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Australian Wildlife

  Baird's Sandpiper (Calidris bairdii)





Baird's Sandpiper | Calidris bairdii photo
Baird's Sandpiper (Calidris bairdii)

Image by USFWS - License: Public Domain.    (view image details)



BAIRD'S SANDPIPER FACTS

Description
Baird's Sandpiper is a small wader. It has brown back and wings. The head and chest are light brown with dark streaks. It has a black bill and dark coloured legs. The underside is whitish. Non-breeding plumage is more grey brown. Males and females are similar in both breeding and non-breeding plumage. In its normal habitat it is seen in flocks, but in Australia it is a vagrant and if seen, will most likely be seen as an individual bird. It is similar to several other sandpipers - refer to other sources for more detailed description of differences.

Size
15cm - 17cm

Habitat
breeds on arctic tundra. Winters on coast, mudflats

Food
insects, crustaceans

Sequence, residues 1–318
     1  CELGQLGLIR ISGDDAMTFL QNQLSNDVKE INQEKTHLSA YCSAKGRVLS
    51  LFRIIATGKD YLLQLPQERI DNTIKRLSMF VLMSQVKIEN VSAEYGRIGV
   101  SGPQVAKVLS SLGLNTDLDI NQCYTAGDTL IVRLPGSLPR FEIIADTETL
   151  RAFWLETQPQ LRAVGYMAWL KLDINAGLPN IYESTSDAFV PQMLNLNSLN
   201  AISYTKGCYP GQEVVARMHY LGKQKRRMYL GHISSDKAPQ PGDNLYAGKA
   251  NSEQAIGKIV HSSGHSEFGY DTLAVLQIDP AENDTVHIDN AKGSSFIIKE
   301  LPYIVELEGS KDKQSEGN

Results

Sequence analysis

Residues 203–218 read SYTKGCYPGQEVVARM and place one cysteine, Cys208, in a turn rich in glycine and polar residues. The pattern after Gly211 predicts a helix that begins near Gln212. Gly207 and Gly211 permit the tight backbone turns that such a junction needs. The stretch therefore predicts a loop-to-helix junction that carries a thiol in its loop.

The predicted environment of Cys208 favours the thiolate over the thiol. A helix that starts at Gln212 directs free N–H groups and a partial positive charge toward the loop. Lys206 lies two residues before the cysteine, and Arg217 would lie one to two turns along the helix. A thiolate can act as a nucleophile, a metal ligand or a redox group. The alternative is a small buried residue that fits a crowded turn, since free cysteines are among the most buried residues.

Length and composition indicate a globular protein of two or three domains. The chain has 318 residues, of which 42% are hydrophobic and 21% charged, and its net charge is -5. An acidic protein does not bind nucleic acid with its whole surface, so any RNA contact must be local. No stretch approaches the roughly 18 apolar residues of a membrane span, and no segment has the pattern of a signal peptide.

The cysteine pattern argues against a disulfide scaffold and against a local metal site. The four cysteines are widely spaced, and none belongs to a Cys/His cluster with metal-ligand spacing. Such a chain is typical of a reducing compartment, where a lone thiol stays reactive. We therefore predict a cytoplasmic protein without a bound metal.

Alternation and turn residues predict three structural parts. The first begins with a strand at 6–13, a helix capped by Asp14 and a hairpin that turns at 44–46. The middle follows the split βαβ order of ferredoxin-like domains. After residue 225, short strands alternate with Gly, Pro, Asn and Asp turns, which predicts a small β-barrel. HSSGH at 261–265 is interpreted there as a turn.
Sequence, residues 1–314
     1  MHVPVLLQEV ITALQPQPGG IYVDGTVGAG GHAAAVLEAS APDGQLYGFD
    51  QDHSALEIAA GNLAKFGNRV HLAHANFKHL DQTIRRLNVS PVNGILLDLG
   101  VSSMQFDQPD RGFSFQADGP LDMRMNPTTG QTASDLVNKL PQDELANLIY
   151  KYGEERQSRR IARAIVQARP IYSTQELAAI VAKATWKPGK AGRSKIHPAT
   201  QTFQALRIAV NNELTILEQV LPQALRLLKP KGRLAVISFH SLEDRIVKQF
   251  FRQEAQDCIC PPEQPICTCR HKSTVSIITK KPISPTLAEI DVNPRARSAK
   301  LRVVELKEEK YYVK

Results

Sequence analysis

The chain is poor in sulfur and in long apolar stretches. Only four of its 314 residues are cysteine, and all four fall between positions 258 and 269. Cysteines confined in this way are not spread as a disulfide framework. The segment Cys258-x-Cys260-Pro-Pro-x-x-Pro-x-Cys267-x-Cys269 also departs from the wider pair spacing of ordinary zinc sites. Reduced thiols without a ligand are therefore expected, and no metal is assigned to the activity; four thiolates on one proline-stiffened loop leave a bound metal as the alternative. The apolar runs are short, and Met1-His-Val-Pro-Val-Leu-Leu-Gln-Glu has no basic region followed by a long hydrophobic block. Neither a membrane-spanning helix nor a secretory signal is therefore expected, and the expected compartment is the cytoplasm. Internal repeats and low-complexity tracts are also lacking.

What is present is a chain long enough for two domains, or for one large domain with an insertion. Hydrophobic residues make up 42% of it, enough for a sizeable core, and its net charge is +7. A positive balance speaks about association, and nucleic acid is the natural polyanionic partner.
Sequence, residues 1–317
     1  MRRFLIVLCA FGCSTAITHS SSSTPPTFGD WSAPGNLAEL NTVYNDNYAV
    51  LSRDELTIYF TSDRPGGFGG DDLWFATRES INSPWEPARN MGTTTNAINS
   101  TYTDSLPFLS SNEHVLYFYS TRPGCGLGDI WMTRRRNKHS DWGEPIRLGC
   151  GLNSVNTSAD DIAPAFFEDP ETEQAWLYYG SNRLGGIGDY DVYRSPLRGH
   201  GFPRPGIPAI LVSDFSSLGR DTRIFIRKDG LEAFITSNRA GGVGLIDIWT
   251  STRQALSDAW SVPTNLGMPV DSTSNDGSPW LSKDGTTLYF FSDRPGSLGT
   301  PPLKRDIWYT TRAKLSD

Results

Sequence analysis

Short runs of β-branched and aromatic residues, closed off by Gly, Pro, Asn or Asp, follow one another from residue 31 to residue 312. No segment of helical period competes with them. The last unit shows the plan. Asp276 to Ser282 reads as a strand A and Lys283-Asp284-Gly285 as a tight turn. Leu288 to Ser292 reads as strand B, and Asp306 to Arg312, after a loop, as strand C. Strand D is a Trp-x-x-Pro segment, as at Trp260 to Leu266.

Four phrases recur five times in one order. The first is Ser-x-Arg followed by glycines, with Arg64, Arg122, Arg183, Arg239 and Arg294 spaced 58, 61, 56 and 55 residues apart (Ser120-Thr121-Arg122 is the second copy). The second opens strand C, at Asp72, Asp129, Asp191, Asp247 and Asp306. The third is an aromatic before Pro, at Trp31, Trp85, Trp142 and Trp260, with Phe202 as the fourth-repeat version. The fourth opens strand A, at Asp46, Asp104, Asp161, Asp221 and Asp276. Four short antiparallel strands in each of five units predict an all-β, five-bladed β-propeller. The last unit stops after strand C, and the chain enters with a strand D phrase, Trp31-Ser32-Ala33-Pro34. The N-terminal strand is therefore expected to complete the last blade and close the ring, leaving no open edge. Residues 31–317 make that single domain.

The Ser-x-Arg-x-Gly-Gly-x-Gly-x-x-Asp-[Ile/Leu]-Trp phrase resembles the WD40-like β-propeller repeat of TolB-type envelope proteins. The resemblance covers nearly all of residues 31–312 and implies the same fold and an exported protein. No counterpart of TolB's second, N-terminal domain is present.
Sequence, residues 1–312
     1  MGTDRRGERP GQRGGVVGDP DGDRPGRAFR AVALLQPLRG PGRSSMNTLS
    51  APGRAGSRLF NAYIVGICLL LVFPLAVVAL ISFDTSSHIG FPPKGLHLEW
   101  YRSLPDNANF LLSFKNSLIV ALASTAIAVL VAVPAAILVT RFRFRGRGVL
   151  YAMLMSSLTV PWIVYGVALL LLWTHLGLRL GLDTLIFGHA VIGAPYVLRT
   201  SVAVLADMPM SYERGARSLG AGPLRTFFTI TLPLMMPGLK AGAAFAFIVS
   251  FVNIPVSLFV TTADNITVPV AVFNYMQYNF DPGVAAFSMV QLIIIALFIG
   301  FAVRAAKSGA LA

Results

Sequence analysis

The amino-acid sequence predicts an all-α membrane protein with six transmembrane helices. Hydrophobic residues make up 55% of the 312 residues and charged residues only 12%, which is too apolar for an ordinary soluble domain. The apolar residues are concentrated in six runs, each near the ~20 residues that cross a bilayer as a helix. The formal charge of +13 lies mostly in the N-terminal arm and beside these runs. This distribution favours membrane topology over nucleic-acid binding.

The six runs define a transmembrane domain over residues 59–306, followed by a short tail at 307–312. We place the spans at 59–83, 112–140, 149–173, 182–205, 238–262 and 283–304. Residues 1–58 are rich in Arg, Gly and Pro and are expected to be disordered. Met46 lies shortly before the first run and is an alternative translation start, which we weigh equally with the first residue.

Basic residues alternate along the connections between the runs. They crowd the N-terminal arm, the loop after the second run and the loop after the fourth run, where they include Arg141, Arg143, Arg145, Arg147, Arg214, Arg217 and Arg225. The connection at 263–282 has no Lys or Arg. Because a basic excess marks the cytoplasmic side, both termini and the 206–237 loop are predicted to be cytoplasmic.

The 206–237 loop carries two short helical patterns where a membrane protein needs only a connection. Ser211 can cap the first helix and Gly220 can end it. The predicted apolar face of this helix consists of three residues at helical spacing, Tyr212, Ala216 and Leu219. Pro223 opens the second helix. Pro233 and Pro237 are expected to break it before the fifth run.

Breeding
nests on the ground

Range
Baird's Sandpiper breeds in North America and northern Asia and migrates to South America in winter. It is a vagrant to Australia with only a small number of sightings



Classification
Class:Aves
Order:Charadriiformes
Family:Scolopacidae
Genus:Calidris
Species:bairdii
Common Name:Baird's Sandpiper

Relatives in same Genus
  Sharp-tailed Sandpiper (C. acuminata)
  Sanderling (C. alba)
  Dunlin (C. alpina)
  Red Knot (C. canutus)
  Curlew Sandpiper (C. ferruginea)
  White-rumped Sandpiper (C. fuscicollis)
  Pectoral Sandpiper (C. melanotos)
  Little Stint (C. minuta)
  Long-toed Stint (C. subminuta)
  Great Knot (C. tenuirostris)